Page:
4. Thanks for the tour — it looks great! I love that lavender Monarda. Our perennial Rudbeckia and Liatris aren’t in flower yet; a bit strange, but perhaps that’s normal in a cold climate. Enjoy the August garden!

  5. I’m always in awe of how many different things you grow. Since my borders have been dominated by annuals such as zinnia, scabiosa, cosmos, etc., I always find that August is one of the best months, when many of these really get going in earnest. Now that a good chunk of the perennial border has been planted, it will be fun to see the progression of perennial blooms next year. And I love, love, love the Italian White Sunflower and have added it to my list 🙂

  6. Both of the Oriental lilies you’re growing are just smashing; clearly they like the long, cool start to this season. They’re vulnerable to so many things here that it’s often not worth the expense and effort, but it’s such a pleasure to see them flourishing.

  7. Your garden is spectacular. So many beautiful pollinator friendly plants with artistic pairings and combinations. You’ve given me ideas for next year.

  8. So lovely! I bet the butterflies are wild about your garden! Your monarda is gorgeous! I have had monarda for several years, in several locations. Sadly, I am going to give up on it. Mine is constantly diseased and has few blooms; perhaps I have too much humidity. As much as I want to grow it, I also have had little luck with asclepias.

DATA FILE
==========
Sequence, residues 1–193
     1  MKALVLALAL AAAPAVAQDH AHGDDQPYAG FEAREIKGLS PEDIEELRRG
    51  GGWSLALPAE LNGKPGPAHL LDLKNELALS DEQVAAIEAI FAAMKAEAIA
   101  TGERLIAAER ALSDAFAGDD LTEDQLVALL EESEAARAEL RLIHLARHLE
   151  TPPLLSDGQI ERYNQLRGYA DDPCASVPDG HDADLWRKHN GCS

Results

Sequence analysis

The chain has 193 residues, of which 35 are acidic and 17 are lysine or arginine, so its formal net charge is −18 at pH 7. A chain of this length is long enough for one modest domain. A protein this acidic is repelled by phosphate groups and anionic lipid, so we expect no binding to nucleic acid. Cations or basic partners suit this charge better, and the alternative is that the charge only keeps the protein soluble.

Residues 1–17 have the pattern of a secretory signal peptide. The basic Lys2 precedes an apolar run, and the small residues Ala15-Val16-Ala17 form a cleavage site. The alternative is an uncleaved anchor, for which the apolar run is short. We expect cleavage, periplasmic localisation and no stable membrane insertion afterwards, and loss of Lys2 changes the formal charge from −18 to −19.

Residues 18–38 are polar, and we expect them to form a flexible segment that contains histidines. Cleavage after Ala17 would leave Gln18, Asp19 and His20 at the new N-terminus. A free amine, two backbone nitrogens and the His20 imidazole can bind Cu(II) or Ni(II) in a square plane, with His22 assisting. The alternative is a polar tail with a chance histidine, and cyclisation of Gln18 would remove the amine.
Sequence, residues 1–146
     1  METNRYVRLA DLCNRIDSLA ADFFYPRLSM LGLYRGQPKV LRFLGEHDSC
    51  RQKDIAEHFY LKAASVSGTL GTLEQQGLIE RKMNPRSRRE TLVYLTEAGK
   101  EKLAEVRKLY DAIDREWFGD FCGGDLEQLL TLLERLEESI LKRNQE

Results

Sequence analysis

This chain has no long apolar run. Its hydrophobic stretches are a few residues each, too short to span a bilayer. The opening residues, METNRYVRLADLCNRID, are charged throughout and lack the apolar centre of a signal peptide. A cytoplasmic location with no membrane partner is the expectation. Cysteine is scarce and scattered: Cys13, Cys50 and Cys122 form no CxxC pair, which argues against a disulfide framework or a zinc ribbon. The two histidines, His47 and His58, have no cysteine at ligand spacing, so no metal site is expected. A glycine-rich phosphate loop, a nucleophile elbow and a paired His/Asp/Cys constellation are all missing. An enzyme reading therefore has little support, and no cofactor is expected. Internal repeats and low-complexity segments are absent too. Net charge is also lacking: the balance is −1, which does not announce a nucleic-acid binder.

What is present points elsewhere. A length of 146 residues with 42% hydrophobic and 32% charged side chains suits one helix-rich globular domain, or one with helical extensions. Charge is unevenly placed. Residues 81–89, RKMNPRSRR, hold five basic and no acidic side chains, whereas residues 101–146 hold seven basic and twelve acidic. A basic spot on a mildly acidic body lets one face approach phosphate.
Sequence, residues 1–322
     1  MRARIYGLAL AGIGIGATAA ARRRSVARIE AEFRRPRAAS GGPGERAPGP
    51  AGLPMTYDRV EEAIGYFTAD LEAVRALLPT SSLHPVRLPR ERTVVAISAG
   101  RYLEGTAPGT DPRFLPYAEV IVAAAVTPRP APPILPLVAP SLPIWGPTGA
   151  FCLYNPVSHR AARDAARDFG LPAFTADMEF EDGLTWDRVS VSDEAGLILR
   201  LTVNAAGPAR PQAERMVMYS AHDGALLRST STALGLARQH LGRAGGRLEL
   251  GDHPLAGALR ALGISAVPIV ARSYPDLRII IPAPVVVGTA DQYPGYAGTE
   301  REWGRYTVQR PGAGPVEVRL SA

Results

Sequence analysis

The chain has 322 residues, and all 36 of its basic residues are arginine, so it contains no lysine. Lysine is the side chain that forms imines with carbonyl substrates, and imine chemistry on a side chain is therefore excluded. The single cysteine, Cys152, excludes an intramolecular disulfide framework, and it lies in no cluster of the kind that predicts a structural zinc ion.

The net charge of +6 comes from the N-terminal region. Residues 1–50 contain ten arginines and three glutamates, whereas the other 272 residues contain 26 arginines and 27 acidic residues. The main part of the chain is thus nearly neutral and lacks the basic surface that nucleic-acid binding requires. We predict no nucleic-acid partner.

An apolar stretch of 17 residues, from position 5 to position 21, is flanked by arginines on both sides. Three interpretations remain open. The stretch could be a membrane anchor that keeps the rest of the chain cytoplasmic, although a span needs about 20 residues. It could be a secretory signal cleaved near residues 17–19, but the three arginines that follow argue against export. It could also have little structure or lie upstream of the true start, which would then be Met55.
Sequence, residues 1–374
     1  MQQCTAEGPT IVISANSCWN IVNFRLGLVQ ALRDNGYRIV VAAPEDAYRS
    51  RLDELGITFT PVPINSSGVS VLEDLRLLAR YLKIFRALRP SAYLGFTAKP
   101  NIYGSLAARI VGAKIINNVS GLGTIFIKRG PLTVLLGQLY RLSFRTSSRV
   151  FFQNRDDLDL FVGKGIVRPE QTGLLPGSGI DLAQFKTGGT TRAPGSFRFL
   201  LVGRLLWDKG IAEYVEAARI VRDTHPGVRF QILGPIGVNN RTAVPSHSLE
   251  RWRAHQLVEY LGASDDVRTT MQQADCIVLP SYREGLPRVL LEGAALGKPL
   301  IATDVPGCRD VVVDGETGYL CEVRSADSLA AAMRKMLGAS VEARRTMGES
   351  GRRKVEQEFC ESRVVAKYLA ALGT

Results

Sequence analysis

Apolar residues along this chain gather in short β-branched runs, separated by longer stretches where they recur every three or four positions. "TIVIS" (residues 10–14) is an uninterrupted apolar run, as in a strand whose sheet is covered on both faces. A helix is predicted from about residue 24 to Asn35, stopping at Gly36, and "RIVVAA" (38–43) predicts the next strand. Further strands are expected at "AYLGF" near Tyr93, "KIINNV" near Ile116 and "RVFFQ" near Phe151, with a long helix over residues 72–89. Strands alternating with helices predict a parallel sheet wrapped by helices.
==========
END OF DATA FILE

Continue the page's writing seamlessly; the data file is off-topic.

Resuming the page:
9. Good to know your summer will be extended! It’s all looking beautiful, I especially love the oriental lilies and the Anise Hyssop. xxx

  10. But I Am interested in it all Jason! It looks wonderful and I am so envious of all that lush growth. It’s been a bit dry around here….

    • It’s been just a little dry lately around here, but we had so much rain in May and June. I’ve done some hand watering of newer plants and the containers have been drying out pretty fast.

Leave a Reply to Laurie Graves Cancel reply

Fill in your details below or click an icon to log in:

WordPress.com Logo

You are commenting using your WordPress.com account. Log Out /  Change )

Google photo

You are commenting using your Google account. Log Out /  Change )

Twitter picture

You are commenting using your Twitter account. Log Out /  Change )

Facebook photo

You are commenting using your Facebook account. Log Out /  Change )

Connecting to %s

%d bloggers like this: